Customer Service on Twitter - Proactive or Reactive?

Create a vendor selection project & run comparison reports
Click to express your interest in this report
Indication of coverage against your requirements
A subscription is required to activate this feature. Contact us for more info.
Celent have reviewed this profile and believe it to be accurate.
14 July 2009
Jacob Jegher
A flurry of banks have joined Twitter and setup their presence in an effort to communicate with customers, market products and solve customer service issues (see my blog entry on What Banks Can Do With Twitter). It's a great idea and has made many customers quite happy, particularly if they get an instant response to a problem they are encountering. As Twitter evolves and more people join the fray, a new type of user has emerged - the anti bank. A slew of Twitter users have emerged with the sole purpose of tweeting about how much they dislike their bank. I have noticed a growing trend of twitter user names comprised of "bank name" followed by the word "sucks." I did a quick search to test my hypothesis and was quite surprised at how many users popped up with this naming convention. I found anti-bank users for BofA, Wachovia, Wells, SunTrust, Chase, TD Bank, etc. It appears to apply to credit unions as well (e.g. Navy Federal). Many of these have just a few followers, while others have a large following. For example, @BankOAmericaSux has over 1,200 followers! The goal of this post is not to single out these banks, but rather to point them to what they should do:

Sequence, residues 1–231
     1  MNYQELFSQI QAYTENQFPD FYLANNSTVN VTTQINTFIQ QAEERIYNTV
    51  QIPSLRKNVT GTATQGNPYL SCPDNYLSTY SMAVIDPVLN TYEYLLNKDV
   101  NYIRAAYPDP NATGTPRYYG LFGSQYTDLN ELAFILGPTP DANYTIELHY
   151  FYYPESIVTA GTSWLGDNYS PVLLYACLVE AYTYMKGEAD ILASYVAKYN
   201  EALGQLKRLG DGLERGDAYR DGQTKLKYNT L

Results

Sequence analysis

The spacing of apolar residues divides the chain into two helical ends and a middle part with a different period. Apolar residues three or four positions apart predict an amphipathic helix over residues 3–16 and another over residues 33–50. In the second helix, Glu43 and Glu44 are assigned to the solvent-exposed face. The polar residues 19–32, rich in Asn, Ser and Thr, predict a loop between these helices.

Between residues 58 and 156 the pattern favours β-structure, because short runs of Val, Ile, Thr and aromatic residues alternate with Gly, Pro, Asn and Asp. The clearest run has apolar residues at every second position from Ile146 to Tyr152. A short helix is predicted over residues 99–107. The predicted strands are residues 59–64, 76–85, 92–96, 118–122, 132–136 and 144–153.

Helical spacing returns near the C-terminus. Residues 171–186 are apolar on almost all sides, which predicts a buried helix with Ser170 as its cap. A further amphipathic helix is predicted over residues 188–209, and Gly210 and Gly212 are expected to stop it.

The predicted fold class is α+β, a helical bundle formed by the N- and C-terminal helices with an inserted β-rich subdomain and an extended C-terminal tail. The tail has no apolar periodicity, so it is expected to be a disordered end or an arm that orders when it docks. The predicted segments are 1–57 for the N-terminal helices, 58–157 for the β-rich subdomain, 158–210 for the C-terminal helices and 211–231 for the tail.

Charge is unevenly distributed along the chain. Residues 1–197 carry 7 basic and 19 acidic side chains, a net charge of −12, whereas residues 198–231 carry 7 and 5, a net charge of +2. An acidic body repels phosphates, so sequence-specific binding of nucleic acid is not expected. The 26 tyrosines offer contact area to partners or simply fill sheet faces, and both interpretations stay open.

• Banks need to monitor for new anti-bank Twitter Users. More anti-bank users will pop up and their follower base will grow. It is important for banks to manage their brand and make sure their company name is being used appropriately. Banks also need to watch for username squatters who will try to social engineer credentials from unsuspecting customers (see my post, Social Networks Are Not Secure!)
  • Banks should reach out to followers of anti-bank Twitter users. It's one thing to be proactive when dealing with a customer who approaches you on Twitter, it's another to go after those who are expressing and publicizing their problems. Banks need to reach out to these people and solve their issues before they draw too much negative attention to themselves or get into a "United Breaks Guitars" situation.

It's impossible to make everyone happy, but if a bank has established a Twitter presence they need to understand and react to these types of situations.

Insight details

Insight Format
Geographic Focus
Asia-Pacific, EMEA, LATAM, North America